Last week, I joined a team from the Hawaii Department of Education in Gwinnett County, GA just outside of Atlanta. We were there to see how a best in class school district roughly the same size as ours prepares their future principals for the rigors of school leadership. In fact, just today, Gwinnett was named the only two-time winner of the highly coveted Broad Prize for Urban Education! We were joined by Deputy Superintendent Ann Clark from Charlotte-Mecklenberg (NC) and Tricia McManus of Hillsborough County (FL).
What we saw deeply impressed me and the principals, complex area superintendents and assistant superintendents in our group. Here are my takeaways:
- Leadership is a priority across the entire system because it is at the heart of their reform agenda. Gwinnett’s Superintendent Wilbanks actually teaches the first three days of their aspiring principals training every year. Each quarter, every single principal and vice principal meets in person with him to get their marching orders. And training occurs in a state of the art training facility that feels more like a higher education classroom (picture attached)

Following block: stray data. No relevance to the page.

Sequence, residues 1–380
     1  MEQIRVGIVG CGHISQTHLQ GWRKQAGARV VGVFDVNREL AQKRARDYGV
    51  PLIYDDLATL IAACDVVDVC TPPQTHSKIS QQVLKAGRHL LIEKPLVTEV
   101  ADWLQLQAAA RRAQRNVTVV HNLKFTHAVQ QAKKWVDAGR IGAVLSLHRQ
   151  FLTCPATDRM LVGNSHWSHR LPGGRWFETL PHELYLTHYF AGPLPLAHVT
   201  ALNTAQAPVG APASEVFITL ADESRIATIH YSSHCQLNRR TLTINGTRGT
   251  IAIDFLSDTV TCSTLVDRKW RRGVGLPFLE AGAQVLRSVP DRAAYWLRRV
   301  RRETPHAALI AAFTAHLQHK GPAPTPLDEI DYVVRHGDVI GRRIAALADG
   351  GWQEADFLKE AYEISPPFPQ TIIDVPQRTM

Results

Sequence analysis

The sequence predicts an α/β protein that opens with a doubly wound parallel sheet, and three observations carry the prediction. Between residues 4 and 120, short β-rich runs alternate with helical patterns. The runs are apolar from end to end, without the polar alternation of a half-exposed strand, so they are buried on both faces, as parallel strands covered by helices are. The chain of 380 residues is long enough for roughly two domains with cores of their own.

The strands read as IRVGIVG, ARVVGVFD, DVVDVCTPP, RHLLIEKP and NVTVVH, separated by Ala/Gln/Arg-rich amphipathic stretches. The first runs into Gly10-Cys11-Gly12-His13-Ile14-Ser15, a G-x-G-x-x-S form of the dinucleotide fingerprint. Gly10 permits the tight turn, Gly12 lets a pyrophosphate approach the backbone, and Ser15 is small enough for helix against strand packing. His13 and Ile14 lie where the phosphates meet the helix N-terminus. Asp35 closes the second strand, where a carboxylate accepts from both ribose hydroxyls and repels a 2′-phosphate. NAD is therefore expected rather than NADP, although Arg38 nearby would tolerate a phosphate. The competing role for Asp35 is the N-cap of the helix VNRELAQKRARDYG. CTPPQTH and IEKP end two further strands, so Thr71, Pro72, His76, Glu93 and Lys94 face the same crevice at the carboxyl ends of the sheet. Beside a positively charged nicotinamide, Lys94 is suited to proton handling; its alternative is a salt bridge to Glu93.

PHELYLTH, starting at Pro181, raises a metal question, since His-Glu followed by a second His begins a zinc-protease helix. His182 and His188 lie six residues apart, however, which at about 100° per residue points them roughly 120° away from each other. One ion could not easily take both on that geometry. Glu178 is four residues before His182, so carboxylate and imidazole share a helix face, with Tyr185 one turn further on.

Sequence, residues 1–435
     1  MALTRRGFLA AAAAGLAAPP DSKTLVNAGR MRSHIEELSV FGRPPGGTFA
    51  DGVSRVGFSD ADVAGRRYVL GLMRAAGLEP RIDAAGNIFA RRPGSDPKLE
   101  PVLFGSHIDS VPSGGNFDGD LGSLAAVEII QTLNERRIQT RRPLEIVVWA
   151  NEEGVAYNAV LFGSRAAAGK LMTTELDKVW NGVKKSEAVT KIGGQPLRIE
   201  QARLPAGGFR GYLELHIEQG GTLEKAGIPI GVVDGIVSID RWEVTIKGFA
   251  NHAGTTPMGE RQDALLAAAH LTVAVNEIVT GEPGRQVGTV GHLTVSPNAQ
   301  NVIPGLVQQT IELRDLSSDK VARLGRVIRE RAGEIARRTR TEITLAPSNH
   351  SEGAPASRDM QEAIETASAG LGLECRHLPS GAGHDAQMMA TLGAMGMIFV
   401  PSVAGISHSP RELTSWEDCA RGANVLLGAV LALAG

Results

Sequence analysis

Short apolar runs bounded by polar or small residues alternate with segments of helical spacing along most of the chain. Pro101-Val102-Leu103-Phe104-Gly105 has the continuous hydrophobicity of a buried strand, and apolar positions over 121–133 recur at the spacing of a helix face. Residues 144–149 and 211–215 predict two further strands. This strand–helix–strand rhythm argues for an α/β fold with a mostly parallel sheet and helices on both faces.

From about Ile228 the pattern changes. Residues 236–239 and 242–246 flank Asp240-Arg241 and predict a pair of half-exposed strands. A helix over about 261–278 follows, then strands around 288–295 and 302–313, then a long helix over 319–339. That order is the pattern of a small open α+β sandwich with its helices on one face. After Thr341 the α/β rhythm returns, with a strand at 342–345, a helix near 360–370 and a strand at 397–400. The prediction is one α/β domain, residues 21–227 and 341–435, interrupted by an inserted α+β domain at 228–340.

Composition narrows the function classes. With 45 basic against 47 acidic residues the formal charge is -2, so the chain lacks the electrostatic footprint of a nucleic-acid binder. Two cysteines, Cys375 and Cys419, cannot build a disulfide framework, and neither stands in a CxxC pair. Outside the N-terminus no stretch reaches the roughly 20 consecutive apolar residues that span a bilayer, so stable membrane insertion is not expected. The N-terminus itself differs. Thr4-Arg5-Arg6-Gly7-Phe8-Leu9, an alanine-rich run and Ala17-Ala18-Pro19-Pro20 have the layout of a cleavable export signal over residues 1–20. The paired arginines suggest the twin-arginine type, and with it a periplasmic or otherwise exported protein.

- A clear theory of action and consistent messaging keeps everyone on the same page. They believe that “two kinds of people work in our system – those that teach and those that support teachers”. Newly minted Vice Principals were able to recite the district’s mission from memory because this is the way that every single training program begins the day. Core beliefs like this are what unify a high performing system.
- Leadership standards reflect clear performance expectations. Standards for what a principal should know and be able to do guide how the district recruits, selects, coaches and trains aspiring leaders as well as evaluates those on the job. Principals were clear on what was expected and felt prepared to deliver.
- Setting a high bar for selecting principals reinforces that the principal ship was earned, and not inherited. A full day selection process has candidates facilitate a learning community of teachers, interact with an irate parent, and prioritize responses to an overflowing email inbox.
- Do fewer things, with higher quality and tighter alignment. Hillsborough County took a year to align their training programs – ensuring the content, readings, exercises and language felt seamless for participants. Whereas we often have mismatched support opportunities in Hawaii, these three districts generally offer only two to three training programs at key stages of educator’s careers.
I left feeling hopeful that we in Hawaii are headed in the right direction, but that we have much to learn. By the wintertime, a design team will present Superintendent Matayoshi with our own principal leadership standards and a gameplan for how to provide a tighter system of support for our school leaders. I believe these critical first steps will move leadership development farther into the limelight and better prepare transformational leaders to succeed within a rapidly changing education landscape.